Thomas Knoll
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Thomas Knoll

COO @ & Revelry Ventures – I get to help entrepreneurs build their ideas and teams.

Minneapolis, Minnesota, United States
Member since February 23, 2010
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I am a(n):


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If you're an entrepreneur or corporate innovator, why?

I want to change the world.

What's most frustrating and rewarding about entrepreneurship/innovation?


What's the No. 1 mistake entrepreneurs/innovators make?


What are the top three lessons you've learned as an entrepreneur?

1. Nothing matters more than the team.
2. The customer is most important.
3. Make people's pain go away.

Full bio

Every day I get to wake up and help people turn their ideas into realities.

Before Revelry, I built 5 startups and sold 2 companies. I have been building online communities since 1996 - including my time as Community Architect at Zappos. I advised a dozen other friend's companies and mentored hundreds of founders at 500Startups, TechStars, Up Global, and local communities... My point is: I have been through it. I know how shitty advice is. I know how hard it is to create something from nothing and convince others to join you.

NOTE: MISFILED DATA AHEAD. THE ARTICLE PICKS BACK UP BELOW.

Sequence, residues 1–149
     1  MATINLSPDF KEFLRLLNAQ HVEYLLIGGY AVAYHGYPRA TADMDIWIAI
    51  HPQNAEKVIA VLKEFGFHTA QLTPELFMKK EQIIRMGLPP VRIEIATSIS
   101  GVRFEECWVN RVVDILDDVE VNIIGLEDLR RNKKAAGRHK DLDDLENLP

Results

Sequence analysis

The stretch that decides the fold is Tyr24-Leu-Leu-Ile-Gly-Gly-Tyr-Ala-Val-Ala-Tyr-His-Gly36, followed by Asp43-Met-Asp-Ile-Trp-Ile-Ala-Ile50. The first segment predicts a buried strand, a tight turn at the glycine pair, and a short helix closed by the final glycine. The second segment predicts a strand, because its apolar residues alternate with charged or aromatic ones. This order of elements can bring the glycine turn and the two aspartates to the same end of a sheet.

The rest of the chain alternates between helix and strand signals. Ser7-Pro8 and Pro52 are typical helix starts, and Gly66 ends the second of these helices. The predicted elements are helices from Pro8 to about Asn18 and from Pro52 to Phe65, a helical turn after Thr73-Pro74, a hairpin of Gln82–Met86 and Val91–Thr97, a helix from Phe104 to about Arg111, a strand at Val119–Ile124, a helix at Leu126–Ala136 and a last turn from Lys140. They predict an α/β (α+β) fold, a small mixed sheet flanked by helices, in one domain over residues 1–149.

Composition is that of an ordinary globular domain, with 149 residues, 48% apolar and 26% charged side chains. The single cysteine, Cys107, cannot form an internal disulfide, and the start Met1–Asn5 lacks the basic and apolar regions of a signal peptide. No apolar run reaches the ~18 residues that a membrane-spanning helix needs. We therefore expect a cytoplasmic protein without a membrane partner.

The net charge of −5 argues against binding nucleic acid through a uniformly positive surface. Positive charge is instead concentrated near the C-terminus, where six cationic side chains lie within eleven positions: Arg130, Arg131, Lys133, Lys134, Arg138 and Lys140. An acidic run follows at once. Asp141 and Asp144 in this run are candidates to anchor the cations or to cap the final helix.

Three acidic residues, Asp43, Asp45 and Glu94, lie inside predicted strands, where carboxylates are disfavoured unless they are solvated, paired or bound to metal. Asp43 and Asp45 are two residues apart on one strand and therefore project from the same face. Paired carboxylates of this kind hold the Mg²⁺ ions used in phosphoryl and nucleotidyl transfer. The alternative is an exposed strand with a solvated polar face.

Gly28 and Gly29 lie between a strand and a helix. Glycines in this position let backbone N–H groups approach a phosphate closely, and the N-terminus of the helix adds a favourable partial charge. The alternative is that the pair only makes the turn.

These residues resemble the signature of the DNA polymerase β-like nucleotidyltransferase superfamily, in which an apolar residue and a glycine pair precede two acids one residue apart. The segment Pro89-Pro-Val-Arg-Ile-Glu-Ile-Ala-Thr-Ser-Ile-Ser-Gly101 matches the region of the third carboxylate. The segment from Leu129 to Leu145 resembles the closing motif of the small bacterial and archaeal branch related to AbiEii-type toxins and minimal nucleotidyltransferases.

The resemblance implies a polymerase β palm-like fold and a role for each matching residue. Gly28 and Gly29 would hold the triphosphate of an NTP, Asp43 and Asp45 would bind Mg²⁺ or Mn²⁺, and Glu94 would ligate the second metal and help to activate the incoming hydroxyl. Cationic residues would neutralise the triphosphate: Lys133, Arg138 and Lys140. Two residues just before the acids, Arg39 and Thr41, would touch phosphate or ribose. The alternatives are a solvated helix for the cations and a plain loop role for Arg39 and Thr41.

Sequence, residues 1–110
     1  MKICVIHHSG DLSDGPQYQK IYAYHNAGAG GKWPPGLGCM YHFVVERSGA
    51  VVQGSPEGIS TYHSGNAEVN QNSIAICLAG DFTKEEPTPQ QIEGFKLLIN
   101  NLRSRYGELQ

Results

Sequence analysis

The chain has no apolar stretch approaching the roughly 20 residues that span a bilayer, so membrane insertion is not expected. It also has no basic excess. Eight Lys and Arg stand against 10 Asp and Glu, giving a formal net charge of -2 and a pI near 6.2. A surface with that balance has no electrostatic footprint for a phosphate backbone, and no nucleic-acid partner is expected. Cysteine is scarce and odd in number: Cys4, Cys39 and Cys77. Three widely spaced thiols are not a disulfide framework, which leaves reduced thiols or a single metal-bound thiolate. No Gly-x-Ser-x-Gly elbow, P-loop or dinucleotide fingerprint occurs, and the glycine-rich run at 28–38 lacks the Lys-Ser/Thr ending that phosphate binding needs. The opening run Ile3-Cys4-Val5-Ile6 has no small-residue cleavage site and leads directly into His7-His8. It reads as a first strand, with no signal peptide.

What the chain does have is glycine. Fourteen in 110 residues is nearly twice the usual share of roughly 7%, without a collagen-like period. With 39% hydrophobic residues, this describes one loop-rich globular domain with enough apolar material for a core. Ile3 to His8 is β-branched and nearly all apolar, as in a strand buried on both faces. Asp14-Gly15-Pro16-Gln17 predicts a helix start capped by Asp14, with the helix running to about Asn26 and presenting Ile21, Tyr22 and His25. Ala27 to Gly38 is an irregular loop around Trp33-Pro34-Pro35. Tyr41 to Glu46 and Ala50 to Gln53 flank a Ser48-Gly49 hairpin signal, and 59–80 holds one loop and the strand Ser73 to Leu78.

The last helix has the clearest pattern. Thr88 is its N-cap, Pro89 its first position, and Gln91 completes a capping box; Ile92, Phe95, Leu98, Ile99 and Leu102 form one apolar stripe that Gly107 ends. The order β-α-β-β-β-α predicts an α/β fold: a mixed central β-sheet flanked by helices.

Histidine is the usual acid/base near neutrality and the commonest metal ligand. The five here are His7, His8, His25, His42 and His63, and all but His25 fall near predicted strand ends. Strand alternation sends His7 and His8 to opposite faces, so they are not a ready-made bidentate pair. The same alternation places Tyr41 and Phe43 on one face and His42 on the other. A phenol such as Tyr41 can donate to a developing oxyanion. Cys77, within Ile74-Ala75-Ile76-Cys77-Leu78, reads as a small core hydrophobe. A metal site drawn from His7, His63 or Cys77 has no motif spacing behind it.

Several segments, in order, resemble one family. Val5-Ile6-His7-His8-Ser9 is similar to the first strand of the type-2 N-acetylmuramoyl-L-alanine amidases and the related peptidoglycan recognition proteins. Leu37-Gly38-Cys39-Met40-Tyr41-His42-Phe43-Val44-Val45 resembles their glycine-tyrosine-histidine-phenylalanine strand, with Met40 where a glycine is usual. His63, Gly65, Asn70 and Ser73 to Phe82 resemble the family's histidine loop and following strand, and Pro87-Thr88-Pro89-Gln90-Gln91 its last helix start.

At Revelry Labs, I help people transform their businesses. We used to be a dev shop. People would say, "I want this specific thing built." And we would say, "Of course, we can do that." Over the past four years of 1,156% growth, we became Corporate Innovation partners, because our clients understand that the real challenge is not getting something built -- it's HOW to frame the problem, HOW to build quickly and iteratively, WHY we try to solve problems and create new opportunities in the first place. 

So, yes, Revelry ships a lot of code. But, we also help our partners test their ideas quickly. We rub off on their teams. We make Digital Transformation exciting instead of scary. 

Anyway, while I have a technical background, I prefer to speak in gardening and architecture metaphors. I am inspired by storytelling, psychology, evangelism, architectural theory, social economics, game mechanics, cultural anthropology, compassion, and ants. Yes, ants.

Before I dropped out of college, I was studying to become a missionary. I left that path because I grew tired of the Business of religion. Now, I help businesses understand the needs and behaviors of their customers, translate their vision and mission into the language and culture of their customers, and convert customers into communities of evangelists.

Oh, and I fall in love with almost everyone I meet.